·       [17] However, the more important the evidence that is not mentioned specifically and analyzed in the agency's reasons, the more willing a court may be to infer from the silence that the agency made an erroneous finding of fact "without regard to the evidence": Bains v. Canada (Minister of Employment and Immigration) (1993), 63 F.T.R. 312 (F.C.T.D.). In other words, the agency's burden of explanation increases with the relevance of the evidence in question to the disputed facts. Thus, a blanket statement that the agency has considered all the evidence will not suffice when the evidence omitted from any discussion in the reasons appears squarely to contradict the agency's finding of fact. Moreover, when the agency refers in some detail to evidence supporting its finding, but is silent on evidence pointing to the opposite conclusion, it may be easier to infer that the agency overlooked the contradictory evidence when making its finding of fact. 
40     In this case the IAD's finding was not contradictory to the documentary evidence referred to by the applicants. The IAD found that there would be "some hardship". The applicants argue that the hardship would be far greater than "some" and it should have been given more weight in the consideration of the H&C grounds. This would call for a re-weighing of the evidence, which is not the role of the Court. It was open to the IAD to assess the weight of the evidence of hardship in the event the applicants returned to Lebanon and then to determine that this hardship was not sufficient to outweigh all the other negative factors identified by the IAD.
41     In addition, the IAD found that the applicants' testimony and particularly that of Mr Sanallah, that they could not return to the UAE, was not credible. The IAD concluded that the applicants had a greater attachment to the UAE where they had lived most of their lives, although the IAD acknowledged that "in the event" they returned to Lebanon, there would be some hardship.
Did the IAD err by microscopically analyzing the evidence without regard to the totality of the evidence?
42     The applicants submit that their detailed testimony was microscopically or selectively analyzed for inconsistencies and that the IAD made findings, including credibility findings, which were not supported by or which misstated that testimony.
43     For example, the applicants submit that there was no inconsistency in their evidence that they could not remain in Canada in 2005 and live with their uncle for financial reasons and because of over crowding due to his large family. The IAD also misstated the facts about why they were able to return in 2009 despite Mr Sanallah's lack of agreement for them to do so.
The IAD did not microscopically analyse the evidence nor did it misstate the evidence
44     The IAD carefully -- but not microscopically -- analysed the applicants' evidence. The IAD made very pointed and strong adverse credibility findings which were reasonably open to the IAD to make given that it had the benefit of hearing the oral testimony, and had questioned the applicants extensively. The IAD supported its credibility findings with specific references to the contradictions and inconsistencies in the applicants' own accounts and between their accounts and those of Mr Sanallah and Talal Sanallah.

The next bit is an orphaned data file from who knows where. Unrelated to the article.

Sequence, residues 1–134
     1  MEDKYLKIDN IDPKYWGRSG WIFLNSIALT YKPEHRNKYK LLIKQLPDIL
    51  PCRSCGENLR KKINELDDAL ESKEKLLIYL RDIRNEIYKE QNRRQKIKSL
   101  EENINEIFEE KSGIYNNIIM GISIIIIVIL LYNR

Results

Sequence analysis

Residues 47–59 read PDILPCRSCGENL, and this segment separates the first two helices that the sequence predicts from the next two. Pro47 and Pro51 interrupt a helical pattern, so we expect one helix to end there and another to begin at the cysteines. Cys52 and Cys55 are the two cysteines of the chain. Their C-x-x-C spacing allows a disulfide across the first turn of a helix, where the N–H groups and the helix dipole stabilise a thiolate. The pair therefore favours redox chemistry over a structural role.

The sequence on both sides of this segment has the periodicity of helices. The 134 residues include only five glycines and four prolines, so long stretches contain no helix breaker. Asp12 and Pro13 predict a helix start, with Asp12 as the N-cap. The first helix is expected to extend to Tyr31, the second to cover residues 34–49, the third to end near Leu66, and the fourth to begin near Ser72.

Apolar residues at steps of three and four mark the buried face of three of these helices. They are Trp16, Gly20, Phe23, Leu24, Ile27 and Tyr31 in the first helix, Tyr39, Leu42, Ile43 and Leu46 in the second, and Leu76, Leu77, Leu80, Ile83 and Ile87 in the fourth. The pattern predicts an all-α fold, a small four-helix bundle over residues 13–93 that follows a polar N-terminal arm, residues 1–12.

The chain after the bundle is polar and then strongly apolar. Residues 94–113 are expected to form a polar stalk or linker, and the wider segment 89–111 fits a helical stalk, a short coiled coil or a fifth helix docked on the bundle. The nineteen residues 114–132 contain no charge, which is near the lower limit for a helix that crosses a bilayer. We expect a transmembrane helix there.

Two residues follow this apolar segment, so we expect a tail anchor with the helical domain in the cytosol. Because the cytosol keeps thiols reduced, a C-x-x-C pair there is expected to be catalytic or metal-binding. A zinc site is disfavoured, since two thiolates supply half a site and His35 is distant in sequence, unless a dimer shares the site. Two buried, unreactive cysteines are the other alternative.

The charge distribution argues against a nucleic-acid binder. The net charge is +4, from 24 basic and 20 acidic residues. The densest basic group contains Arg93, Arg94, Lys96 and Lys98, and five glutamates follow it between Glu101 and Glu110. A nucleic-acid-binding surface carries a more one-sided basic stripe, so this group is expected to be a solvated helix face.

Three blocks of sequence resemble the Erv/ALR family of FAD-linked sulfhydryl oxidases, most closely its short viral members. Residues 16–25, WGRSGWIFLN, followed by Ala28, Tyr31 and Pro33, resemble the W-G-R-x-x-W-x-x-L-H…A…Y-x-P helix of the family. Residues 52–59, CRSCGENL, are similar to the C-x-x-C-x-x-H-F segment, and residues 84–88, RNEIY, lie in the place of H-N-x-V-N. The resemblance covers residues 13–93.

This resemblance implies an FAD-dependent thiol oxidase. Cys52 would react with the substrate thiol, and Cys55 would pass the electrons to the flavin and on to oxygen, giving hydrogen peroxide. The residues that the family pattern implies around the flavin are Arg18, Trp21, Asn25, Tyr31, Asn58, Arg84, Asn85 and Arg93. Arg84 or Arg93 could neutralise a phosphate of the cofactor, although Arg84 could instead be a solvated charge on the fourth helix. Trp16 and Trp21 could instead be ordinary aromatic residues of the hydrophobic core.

45     The IAD's conclusion that the applicants and Mr Sanallah were not credible was based on several inconsistencies and contradictions, including: Mr Sanallah's stated intention to stay in Canada despite failing to resign from his job in the UAE; his testimony that he was unable to find work, as contrasted with his brother's testimony that he could have had a job as a janitor; Walid's claim that he wanted to stay in Canada in 2005 and the inconsistent testimony of his uncle and father about the lack of agreement to permit his uncle to be his guardian.
46     The IAD also reasonably found that Mrs El Assadi was not credible with respect to why she was unable to stay in Canada or return at an earlier date but could come on her own in 2009. The IAD observed that while she initially stated that she had to obey her husband, she returned without her husband's consent. The IAD did not accept the explanation that a friend had encouraged her to come in 2009 or that Mr Sanallah had agreed that the friend could help pay for their tickets. The testimony of Mr Sanallah, Mrs El Assadi and Walid differed on this issue. The IAD also found her testimony inconsistent regarding the cancellation of their UAE residencies .
47     With respect to the applicants' submission that the IAD should not have regarded Mr Sanallah's desire to wait for his end of service payment as a negative factor, but rather as a positive factor because this demonstrated that he did not want his family to rely on social assistance in Canada, such an approach would be contradictory to the purpose of the residency requirements. It was reasonable for the IAD to consider this to be a negative factor; it demonstrated that there was no or little intention to establish the family in Canada in 2005 since Mr Sanallah would not receive his end of service payment until 2012.